All these languages (except English) normally use extended symbols not contained in US-ASCII. Even the English translation uses some Symbols not in US-ASCII (e.g., ‘\002’ for Thermometer, STR_h3 for ‘³’). In the code itself symbols may be used without taking into account the display they’re written on.

The upshot of all this is that on Western displays you’ll see a ‘~’ while on Cyrillic an “arrow coming from top - pointing to left” (which is quite the opposite of what the programmer wanted). The Germans want to use “ÄäÖöÜüß”, the Finnish at least “äö”. Other European languages want to see their accents too. For other scripts like Cyrillic, Japanese, Greek, Hebrew, … you have to find totally different symbol sets.

The Japanese translator dealt with two scripts, introducing a special font for Graphical Displays and making use of the Japanese extended character displays. Thus he ended up with two pretty unreadable language.h files full of ‘\xxx’ definitions. Other languages either tried to avoid words that included special symbols or just used the basic symbols without the accents, dots… whatever.

Make output functions that count the number of chars written and switch the font to Marlin symbols and back when needed. (ultralcd_impl_DOGM.h) (ultralcd_impl_HD44780.h)

Make three fonts to simulate the HD44780 charsets on dogm-displays. With these fonts the translator can check how the translation will look on character-based displays.

Make ISO fonts for Cyrillic and Katakana - because they don’t need a mapping table, are faster to deal with, and have a better charset than the HD44780 fonts. (Less compromise!)

Split ‘dogm_font_data_Marlin.h’ into separate fonts and delete. (+dogm_font_data_6x9_marlin.h, +dogm_font_data_Marlin_symbols.h, -dogm_font_data_Marlin.h)

If you make extensive use, your file will look like language_kana.h and your language file will only work on one of the displays (in this case DISPLAY_CHARSET_HD44780 == JAPANESE).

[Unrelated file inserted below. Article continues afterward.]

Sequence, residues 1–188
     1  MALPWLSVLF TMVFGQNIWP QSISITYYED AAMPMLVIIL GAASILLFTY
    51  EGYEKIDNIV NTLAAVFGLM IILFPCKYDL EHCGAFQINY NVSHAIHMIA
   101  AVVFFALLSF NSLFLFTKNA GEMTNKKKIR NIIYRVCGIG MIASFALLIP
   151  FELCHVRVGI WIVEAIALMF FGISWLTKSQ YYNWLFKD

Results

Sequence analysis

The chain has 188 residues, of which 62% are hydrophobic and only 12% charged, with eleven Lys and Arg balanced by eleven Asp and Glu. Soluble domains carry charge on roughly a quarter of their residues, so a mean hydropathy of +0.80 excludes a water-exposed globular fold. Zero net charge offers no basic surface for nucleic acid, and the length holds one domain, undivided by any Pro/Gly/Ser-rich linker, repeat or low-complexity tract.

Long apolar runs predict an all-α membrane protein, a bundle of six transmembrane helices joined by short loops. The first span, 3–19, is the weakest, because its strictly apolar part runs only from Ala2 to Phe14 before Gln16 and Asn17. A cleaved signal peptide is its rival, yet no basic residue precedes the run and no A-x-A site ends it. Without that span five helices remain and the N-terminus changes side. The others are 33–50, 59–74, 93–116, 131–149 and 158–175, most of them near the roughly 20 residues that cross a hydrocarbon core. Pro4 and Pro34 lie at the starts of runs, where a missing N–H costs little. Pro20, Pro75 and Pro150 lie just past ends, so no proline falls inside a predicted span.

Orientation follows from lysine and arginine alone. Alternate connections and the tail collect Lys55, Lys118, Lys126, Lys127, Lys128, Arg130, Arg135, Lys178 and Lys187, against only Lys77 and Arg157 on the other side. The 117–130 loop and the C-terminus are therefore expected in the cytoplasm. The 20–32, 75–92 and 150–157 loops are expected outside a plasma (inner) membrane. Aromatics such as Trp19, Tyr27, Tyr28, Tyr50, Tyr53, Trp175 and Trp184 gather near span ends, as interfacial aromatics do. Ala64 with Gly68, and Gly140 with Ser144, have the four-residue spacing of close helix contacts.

If you want to make use of more than a few symbols outside standard ASCII or want to improve the portability to more types of displays, use UTF-8 input. Which means defining another mapper.

UTF-8 input is used for mappers other than MAPPER_NON. With a mapper, instead of “\xe1” (JAPANESE) or STR_ae you can simply type “ä”. The “ä” expands to “\xc3\xa4”. “Я” expands to “\xd0\xaf” … “ホ” expands to “\xe3\x83\x9b” … etc.

The mapper_tables do their best to find a similar symbol in the HD44780fonts (for example, replacing small letters with the matching capital letters). But they may fail to find a match and will output a ‘?’. There are combinations of language and display which simply have no corresponding symbols - like Cyrillic on a Japanese display or _vice-versa. In those cases the compiler will throw an error.

In short: Choose a mapper that works with the symbols you want to use. Use only symbols matching the mapper. On Full Graphic Displays all symbols should be fine. Using the graphical display, you can test for bad substitutions or question-marks that would appear on character displays by defining SIMULATE_ROMFONT and trying the different variants.

If you get a lot of question marks on the Hitachi-based displays with your new translation, maybe creating an additional language file with the format language_xx_utf8.h is the way to go.

Mapper Notes As mentioned, MAPPER_NON is the fastest and least memory-hungry variant. While MAPPER_NON language files are ugly and tedious to maintain for non-Roman languages, for Roman languages it is trivial to make a MAPPER_NON file without any accents.

If there’s no existing mapper for your language then things get a bit more complex. With the Hitachi-based displays you can’t make something useful without a matching charset. For graphical display… let’s take the example of Greek: Find a matching charset. (Greek and Coptic)

Provide a bitmap font containing the symbols in the right size (5x9 to 6x10 recommended). Normal ASCII characters should occupy 1 to 127, and the upper 128 places should be populated with your special characters.